a person who is trained or skilled in exercises, sports, or games requiring physical strength, agility, or stamina.
Under this definition, everyone who’s ever engaged in a sport or has exercised is an “athlete,” which kinda makes it into a useless term since virtually everyone has some skill in exercise, a sport, or a game. It also does a disservice the nobility of the term itself to call a 35-yo accountant shooting hoops with their friends and a professional basketball player, "athletes." So in the interest of making this a more useful/meaningful term, I’d like to define "athlete" in a slightly different way:
a person who prioritizes their life around training and becoming (more) skilled in exercises, sports, or games requiring physical strength, agility, or stamina - sometimes even to the detriment of their own overall short/long term health, longevity, or well-being.
This definition of an athlete does the job by opening a gap between (for example) a person training to participate in a 5k and a person training to win a competitive 5k. A participant running a 5k for fun may start running more than usual, may make time to exercise, and even change their diet to help them lose weight and perform better. But the participant probably isn’t going to avoid going on vacation to train, rearrange their social life around their exercise program, or push their body to unhealthy extremes in the name of achieving a goal. An athlete on the other hand doesn’t train to live, they live to train.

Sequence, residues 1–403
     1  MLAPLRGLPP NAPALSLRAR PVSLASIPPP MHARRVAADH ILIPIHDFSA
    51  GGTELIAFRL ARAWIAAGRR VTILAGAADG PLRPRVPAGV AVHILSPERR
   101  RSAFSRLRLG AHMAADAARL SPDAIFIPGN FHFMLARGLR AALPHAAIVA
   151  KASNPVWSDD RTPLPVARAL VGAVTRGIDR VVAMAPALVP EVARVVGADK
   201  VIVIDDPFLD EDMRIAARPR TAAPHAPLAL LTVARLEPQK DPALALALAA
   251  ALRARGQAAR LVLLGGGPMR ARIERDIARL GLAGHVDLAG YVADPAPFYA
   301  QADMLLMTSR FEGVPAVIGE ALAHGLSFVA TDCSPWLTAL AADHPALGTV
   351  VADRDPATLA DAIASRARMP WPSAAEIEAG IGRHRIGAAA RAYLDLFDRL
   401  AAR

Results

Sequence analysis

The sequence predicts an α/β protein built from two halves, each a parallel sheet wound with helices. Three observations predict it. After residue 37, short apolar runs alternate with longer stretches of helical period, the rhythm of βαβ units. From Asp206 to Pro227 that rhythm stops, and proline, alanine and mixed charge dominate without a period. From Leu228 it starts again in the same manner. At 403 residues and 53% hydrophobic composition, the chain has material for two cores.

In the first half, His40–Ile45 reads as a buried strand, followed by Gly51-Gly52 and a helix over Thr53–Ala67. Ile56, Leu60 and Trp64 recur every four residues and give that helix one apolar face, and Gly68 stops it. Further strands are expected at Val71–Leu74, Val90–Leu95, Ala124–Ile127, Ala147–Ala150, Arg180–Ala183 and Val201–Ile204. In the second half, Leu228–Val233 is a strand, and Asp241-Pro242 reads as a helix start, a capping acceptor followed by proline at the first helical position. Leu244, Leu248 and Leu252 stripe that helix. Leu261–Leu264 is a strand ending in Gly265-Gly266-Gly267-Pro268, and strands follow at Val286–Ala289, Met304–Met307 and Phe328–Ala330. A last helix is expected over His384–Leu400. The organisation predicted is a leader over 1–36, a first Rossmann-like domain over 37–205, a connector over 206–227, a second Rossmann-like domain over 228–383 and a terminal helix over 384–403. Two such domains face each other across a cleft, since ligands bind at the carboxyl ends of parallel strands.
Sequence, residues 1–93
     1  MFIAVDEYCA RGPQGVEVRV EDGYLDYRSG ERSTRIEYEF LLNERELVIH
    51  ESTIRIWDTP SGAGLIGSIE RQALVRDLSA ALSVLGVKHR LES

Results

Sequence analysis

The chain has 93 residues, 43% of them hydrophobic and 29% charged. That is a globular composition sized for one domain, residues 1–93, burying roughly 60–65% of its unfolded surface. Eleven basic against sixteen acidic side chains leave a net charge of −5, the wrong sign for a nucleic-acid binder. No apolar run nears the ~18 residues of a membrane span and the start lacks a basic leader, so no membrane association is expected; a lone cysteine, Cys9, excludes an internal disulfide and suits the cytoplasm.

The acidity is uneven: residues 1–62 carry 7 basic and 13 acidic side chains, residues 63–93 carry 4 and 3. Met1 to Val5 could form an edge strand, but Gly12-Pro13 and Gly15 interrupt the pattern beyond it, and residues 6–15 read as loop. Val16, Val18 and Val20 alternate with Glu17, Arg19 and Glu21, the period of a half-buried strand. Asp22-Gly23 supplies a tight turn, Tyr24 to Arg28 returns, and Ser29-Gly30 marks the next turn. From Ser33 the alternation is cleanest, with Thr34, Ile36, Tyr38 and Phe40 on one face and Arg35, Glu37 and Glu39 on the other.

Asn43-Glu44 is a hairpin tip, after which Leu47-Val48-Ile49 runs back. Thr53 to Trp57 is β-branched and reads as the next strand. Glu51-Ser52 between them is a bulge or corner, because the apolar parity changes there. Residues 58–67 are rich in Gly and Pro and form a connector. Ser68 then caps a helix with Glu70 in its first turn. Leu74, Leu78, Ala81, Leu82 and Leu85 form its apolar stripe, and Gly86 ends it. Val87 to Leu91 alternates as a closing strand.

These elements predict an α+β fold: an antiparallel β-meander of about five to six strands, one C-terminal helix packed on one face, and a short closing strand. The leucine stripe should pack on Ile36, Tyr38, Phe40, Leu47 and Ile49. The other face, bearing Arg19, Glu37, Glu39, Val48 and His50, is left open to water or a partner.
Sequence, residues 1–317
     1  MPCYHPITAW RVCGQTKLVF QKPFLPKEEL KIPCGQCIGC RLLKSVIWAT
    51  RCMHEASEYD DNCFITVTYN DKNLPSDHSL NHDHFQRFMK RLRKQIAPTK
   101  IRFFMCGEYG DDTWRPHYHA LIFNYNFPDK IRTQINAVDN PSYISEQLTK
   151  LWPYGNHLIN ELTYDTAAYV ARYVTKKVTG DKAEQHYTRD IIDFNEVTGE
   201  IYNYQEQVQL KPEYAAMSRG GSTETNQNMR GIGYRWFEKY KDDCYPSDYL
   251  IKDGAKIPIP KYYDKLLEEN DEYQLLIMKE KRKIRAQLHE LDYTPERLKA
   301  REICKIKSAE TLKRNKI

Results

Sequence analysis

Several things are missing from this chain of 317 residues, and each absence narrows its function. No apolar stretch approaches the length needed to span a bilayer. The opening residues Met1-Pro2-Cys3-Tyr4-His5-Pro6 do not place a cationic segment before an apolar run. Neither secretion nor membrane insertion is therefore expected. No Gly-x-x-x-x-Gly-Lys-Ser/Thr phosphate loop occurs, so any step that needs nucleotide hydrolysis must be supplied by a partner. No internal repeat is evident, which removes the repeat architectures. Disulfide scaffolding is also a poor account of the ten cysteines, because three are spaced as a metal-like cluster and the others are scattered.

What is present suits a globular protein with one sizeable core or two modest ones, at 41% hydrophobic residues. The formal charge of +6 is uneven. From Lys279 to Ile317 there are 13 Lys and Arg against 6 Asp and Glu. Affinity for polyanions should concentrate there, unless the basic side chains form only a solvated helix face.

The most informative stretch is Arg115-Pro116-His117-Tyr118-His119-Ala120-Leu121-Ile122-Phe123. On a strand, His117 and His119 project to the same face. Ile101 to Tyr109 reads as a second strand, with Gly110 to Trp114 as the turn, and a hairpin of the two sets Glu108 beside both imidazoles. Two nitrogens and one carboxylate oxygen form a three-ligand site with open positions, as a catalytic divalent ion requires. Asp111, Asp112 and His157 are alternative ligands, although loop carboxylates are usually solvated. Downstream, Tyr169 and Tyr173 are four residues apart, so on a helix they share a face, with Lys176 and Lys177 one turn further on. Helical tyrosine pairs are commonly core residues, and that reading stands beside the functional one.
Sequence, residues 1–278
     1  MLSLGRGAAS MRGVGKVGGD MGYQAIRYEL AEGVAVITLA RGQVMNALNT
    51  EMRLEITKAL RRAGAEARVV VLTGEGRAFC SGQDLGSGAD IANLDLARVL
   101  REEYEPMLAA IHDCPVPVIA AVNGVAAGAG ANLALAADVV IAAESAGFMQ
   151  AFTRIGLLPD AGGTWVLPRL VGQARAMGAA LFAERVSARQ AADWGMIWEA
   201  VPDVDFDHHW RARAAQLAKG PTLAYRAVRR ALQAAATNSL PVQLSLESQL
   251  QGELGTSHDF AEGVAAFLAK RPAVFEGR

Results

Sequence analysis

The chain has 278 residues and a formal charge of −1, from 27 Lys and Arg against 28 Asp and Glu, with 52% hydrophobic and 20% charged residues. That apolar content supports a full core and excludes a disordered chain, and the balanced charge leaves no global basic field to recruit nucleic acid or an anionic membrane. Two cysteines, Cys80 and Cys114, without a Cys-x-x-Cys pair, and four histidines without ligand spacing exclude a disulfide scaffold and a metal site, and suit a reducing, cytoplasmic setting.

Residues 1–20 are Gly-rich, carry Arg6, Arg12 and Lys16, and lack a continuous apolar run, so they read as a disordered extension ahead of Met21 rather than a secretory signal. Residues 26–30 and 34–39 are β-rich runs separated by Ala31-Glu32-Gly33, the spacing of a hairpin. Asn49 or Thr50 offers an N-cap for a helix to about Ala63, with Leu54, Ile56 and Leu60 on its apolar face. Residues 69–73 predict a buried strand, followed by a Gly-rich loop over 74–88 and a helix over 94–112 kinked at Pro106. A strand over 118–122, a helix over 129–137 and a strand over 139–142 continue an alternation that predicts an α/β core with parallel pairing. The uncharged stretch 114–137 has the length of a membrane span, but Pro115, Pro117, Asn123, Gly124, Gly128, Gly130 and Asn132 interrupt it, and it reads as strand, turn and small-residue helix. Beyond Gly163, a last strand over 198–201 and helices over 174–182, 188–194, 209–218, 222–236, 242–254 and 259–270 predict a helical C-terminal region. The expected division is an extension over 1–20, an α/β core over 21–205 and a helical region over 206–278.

For me and others, this is what separates athletes from regular people and highlights why regular people shouldn’t train like athletes: The willingness to sacrifice various aspects of their lives to attain superior physical performance. As non-athletes, regular people prioritize exercise as a means of enhancing their lives as a whole, not just their physical performance. Better mental acuity, higher levels of energy throughout the day, a healthy sex life, higher quality sleep, (for women) regular predictable menstrual cycles, good digestion, and the ability to do what you want in your daily life (like open the jar of pickles or run a 5k for fun) are the focus for most regular people.
Treating regular people like athletes who are willing to sacrifice their social lives and even avoid celebratory traditions like drinking champaign so they can hit that intensification phase in their exercise program tomorrow just doesn’t make any sense. And writing exercise programs for non-athletes that are based on ones designed for athletic performance makes even less sense given the inherent sacrifices their results are built upon.
So the next time a trainer either calls someone an athlete who isn't or says that they’re treating someone just like an athlete, it might be prudent to wonder/ask why they think that’s a good thing.
About the Author:
Adam is an OPEX CCP coach at OPEX Baltimore South with 15 years of fitness experience ranging from Yoga to CrossFit. He’s also a Certified Nutrition Coach (PN1), specializes in corrective exercise (FMSC) and is a parkour trainer/practitioner.